New York Times: “The Price of Carbon Emissions Plunged in 2022, and That‘s Not Good”
A column about new data on carbon prices references important RFF research on the social cost of carbon and quotes former board member Robert Litterman.
“China is now the world’s largest emitter of carbon dioxide, so its $19-per-ton price dragged up the global weighted average significantly. In fact, the weighted average for all countries excluding China was actually a negative $4.50 per ton in 2022, according to Gro.
‘That’s the headline,’ Robert Litterman, a former top executive at Goldman Sachs, told me. (Sorry for not making it the headline, Bob.) Litterman is a founding partner and risk manager at Kepos Capital, a New York-based investment company with $2 billion under management that has a partnership with Gro. Gros barometer is built on initial research by Kepos.
Economic theory says that the price of carbon dioxide emissions should, for efficiency’s sake, be set to equal the social cost imposed by those emissions in terms of rising sea levels, destruction of habitats and so on. In 2022 in the journal Nature, a group led by Resources for the Future put the social cost of carbon emissions at $185 a ton.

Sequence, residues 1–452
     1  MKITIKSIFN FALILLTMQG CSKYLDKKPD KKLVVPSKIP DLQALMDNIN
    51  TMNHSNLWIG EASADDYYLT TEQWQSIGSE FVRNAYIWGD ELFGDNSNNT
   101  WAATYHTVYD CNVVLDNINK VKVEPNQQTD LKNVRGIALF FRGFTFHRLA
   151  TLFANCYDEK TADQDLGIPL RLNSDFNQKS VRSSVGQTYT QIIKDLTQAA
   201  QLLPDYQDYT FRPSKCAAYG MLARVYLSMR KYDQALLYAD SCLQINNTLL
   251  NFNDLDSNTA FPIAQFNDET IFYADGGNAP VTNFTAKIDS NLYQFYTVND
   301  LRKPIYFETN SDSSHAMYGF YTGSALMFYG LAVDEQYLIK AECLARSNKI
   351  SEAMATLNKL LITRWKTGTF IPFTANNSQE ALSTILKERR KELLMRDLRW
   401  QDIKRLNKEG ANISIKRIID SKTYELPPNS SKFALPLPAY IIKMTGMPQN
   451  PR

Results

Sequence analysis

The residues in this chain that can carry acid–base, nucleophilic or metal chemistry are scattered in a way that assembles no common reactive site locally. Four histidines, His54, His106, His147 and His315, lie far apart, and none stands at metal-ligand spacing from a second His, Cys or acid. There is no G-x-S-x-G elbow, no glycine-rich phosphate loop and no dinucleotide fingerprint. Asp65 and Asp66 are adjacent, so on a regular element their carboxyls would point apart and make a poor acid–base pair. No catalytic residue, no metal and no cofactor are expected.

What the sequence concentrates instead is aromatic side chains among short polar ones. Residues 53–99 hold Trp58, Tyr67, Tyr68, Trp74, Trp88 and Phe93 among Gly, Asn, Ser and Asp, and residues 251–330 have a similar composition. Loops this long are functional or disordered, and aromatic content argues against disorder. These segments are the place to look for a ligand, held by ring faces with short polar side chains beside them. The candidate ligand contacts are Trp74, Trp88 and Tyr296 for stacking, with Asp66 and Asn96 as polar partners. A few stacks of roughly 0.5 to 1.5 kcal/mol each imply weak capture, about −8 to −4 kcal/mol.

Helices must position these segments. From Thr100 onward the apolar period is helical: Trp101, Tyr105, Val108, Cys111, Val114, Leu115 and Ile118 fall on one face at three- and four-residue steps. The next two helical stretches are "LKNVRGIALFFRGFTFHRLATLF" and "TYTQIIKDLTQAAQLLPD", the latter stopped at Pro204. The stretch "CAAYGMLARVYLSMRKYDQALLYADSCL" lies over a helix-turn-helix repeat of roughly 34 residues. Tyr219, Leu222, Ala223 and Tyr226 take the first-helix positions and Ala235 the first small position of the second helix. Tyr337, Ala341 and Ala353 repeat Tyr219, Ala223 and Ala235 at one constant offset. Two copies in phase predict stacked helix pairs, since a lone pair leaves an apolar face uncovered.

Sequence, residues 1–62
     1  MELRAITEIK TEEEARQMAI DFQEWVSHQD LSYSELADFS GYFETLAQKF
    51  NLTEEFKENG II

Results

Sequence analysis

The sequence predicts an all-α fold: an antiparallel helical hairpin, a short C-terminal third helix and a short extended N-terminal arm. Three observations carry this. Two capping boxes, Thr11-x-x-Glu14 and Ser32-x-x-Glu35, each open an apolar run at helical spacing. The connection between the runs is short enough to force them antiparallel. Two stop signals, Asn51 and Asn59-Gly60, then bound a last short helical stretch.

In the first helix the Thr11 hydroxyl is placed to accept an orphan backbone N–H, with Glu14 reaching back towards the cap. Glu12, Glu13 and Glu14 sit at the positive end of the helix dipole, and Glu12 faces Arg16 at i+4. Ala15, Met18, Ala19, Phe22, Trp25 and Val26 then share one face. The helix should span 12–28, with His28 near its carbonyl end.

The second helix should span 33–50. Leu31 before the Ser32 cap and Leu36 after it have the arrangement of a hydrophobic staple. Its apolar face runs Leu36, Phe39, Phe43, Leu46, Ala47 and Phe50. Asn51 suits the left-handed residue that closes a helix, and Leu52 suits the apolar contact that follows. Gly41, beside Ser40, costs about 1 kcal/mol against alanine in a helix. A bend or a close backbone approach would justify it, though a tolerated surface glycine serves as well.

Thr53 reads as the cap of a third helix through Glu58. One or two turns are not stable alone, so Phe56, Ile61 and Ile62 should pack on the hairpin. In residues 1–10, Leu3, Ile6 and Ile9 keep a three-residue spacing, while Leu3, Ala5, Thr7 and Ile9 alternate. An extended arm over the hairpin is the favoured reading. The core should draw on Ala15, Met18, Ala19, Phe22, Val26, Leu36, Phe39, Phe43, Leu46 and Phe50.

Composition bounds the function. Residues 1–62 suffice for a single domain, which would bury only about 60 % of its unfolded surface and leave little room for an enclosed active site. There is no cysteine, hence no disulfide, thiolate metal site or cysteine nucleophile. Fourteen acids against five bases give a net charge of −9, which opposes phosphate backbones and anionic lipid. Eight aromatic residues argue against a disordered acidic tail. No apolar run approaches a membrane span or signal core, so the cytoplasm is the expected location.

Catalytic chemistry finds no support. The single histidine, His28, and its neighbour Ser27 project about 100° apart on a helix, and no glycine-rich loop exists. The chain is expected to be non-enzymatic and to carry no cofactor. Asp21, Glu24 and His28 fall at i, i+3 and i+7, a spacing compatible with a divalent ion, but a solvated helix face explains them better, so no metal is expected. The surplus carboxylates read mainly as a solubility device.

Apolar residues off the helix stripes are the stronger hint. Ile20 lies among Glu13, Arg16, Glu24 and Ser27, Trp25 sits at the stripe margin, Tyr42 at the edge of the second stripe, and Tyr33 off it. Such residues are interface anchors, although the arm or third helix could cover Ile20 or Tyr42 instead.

Scientists and economists disagree over whether the social cost is higher or lower than $185 a ton, but just about everyone agrees it’s way higher than the $4.08 a ton that Gro Intelligence estimates for 2022.”
Journal Article — Sep 1, 2022
Comprehensive Evidence Implies a Higher Social Cost of CO₂
A multi-year study of the social cost of carbon, a critical input for climate policy analysis, finds that every additional ton of carbon dioxide emitted into the atmosphere costs society $185—far higher than the current federal estimate of $51 per ton.
Media Highlight — Jan 11, 2024
POLITICO/E&E News: “4 Things to Know about EPA‘s New Climate Damage Metric”
An article in E&E News and POLITICO‘s Power Switch newsletter quote RFF Fellow Brian Prest.
Resources Magazine — Jan 11, 2024
How Much Will the Inflation Reduction Act Reduce Emissions?
Maya Domeshek and Nicholas Roy discuss projected reductions in carbon emissions that the Inflation Reduction Act could achieve for the energy sector.